Was this it? Was this the famous hallowed turf that every bangs on about? Even in 1998, perhaps having been treat to the Stadium Of Light's recent building, I considered Wembley to be a bit of an overrated shithole. Crumbling, dirty, little to no organisation -- a little disappointing.

I was fully confident of victory. Maybe two or three nil would probably be the result in my mind as I looked around at a sea of Sunderland fans from our near pitchside vantage point. Charlton, our opponents were a decent team, but we were better. Much better in my mind despite the table showing we were only one place and two points better than the Londoners. That was something that stuck in my mind a bit as despite my bravado, there was an undercurrent of nerves that was building by the second.

The teams were in. Despite an excellent season I was still a little narked that Darren Holloway was given the nod ahead of Chris Makin at right-back, but our defence was superb. As it needed to be with Lionel Perez in goal, a player I never really liked to be honest despite his 'cult hero' status among the fans.

Having endured former popstar Shola Ama putting us through the national anthem, it was time for kick off and both teams started quite poorly and nervously, almost in tribute to the performance put in by Ama minutes earlier.

Kevin Ball went close with a header for us but that was about as good as it got as Charlton began to take over. Some poor defending right in front of us allowed Sunderland-born striker Clive Mendonca to open the scoring, turning the normally consistent Jody Craddock and Darren Williams with consummate ease to slot past Perez before celebrating right in front of where we were stood.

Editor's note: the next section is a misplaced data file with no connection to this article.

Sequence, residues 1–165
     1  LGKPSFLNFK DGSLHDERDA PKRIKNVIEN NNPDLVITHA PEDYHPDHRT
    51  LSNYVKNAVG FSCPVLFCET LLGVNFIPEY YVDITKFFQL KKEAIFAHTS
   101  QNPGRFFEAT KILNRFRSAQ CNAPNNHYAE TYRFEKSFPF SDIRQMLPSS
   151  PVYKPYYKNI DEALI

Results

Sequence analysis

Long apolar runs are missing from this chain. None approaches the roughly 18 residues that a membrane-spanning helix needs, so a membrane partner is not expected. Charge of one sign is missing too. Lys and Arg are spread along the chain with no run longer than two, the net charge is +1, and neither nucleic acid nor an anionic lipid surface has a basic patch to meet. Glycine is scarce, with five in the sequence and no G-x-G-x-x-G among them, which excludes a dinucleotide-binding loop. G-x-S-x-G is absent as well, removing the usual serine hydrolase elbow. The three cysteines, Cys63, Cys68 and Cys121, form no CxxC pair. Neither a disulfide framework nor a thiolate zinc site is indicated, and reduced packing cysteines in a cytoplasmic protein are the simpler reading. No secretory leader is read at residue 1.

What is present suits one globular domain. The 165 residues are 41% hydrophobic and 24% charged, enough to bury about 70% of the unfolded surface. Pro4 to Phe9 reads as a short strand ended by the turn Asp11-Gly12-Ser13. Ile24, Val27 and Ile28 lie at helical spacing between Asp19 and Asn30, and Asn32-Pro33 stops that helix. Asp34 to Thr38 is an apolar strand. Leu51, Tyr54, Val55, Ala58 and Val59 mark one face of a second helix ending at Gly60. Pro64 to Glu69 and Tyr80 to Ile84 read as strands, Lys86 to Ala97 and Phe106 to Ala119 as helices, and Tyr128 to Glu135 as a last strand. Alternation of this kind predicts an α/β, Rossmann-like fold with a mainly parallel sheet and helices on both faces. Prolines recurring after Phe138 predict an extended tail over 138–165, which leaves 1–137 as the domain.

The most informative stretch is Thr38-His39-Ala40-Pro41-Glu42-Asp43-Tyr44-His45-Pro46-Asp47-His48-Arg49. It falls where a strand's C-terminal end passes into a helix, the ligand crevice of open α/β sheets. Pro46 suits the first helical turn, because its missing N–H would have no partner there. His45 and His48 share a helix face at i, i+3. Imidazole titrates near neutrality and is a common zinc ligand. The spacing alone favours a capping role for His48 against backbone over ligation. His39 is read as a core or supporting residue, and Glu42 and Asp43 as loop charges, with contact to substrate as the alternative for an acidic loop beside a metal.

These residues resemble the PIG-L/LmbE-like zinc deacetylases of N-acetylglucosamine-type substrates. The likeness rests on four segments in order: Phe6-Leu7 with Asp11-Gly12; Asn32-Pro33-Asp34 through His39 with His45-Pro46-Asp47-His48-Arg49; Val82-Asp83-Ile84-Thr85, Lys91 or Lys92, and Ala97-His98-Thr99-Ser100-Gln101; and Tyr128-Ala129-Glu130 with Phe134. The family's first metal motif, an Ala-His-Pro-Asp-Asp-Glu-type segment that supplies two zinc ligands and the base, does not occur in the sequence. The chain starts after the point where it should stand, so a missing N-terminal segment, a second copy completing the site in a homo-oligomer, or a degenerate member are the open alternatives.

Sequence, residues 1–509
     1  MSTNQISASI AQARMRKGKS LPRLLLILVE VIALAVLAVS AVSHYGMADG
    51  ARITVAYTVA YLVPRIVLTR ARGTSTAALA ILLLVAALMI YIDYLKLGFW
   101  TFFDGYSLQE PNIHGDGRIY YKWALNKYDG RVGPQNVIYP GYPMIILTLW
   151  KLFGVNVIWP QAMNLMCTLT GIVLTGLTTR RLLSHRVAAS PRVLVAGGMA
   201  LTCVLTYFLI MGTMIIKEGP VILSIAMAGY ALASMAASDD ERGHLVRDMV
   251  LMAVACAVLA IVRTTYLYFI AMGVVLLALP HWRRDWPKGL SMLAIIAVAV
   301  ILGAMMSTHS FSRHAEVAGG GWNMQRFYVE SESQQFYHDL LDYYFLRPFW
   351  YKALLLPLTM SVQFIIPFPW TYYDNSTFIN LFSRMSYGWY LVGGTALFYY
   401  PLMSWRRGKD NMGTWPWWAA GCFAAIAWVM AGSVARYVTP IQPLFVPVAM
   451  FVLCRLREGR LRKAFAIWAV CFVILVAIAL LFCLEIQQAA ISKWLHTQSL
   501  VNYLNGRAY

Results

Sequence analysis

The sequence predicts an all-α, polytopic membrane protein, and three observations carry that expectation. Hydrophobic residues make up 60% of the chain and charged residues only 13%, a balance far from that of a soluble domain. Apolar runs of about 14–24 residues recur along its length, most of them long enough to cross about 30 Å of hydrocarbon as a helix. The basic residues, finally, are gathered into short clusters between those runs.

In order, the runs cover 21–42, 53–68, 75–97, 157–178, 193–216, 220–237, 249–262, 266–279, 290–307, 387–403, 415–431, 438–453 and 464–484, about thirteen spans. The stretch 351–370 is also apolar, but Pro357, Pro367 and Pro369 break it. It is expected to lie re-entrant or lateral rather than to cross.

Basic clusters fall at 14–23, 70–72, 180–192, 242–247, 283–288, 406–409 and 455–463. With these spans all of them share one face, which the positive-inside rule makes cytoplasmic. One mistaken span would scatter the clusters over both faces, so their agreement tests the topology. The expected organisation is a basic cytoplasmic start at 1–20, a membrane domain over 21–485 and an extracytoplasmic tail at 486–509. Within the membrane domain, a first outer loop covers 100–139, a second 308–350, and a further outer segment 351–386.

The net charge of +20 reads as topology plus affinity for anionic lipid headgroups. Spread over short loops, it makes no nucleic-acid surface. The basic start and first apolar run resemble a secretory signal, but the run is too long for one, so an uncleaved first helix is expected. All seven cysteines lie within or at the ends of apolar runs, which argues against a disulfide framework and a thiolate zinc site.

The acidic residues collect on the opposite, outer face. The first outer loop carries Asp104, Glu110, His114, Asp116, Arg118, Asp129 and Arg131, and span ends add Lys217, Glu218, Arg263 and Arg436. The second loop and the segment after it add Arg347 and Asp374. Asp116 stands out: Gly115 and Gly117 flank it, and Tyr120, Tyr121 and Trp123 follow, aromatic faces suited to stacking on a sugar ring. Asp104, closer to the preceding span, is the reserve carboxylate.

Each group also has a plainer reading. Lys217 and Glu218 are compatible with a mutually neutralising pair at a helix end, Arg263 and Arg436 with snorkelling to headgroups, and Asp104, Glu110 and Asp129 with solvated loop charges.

Charlton continued to dominate up until the final ten minutes or so of the half. Lee Clark shot over while Nicky Summerbee would have equalised had it not been for a decisive interception. The first half was over though. 45 minutes passed as if it was 45 seconds.

Peter Reid saw fit to bring on Makin at halftime for Holloway, a good move for my money and it made us look a lot stronger, and within five minutes of the restart we'd got back on level terms.

Summerbee, who had a great game, drilled in a corner which was met by Niall Quinn to head in at the near post before windmilling away in celebration. Given the first five minutes, it looked like we'd finally got our act together and were going to go on to win comfortably.

Eight short minutes later we were in raptures as Super Kevin Phillips gave us the lead. With the ball pinballing around between the Charlton defence and our midfield, it eventually dropped to the diminutive front-man who guided it past Sasa Illic before he raced over, just like Mendonca did earlier, to celebrate in front of us. I've no idea how it happened but I ended up three rows in front of where I was originally sat/stood hugged and jumping around with some blokes 15-20 years my senior. The sort of behaviour which would now be frowned upon one would imagine.

The joy wouldn't last though as Mendonca grabbed his second goal of the game. Again it was poor defending as he seemed to elude Williams like he wasn't there before cooly finishing. 2-2 and back to square one.

We only had to wait two minutes or less for the lead to be restored though, once again through Quinn. A cross comes in, Quinn chests down and lashes in from a tight angle. Fifteen minutes to go and everything should be fine now. We can hold on for that long can't we?

Then a curious move was made. Off comes Kevin Phillips and on comes Danny Dichio. Not a bad player, but not a replacement which really needed to be made for my money. If... IF... Charlton score then I'd rather we had Phillips on the pitch than not.

Dichio compounded my thoughts by missing the easiest of chances seconds after coming on, electing to side foot a volley with the power of a kitten towards Illic from a few yards out rather than stoop to header. To this day it hurts to watch, and you can't help but feel Phillips would have buried it.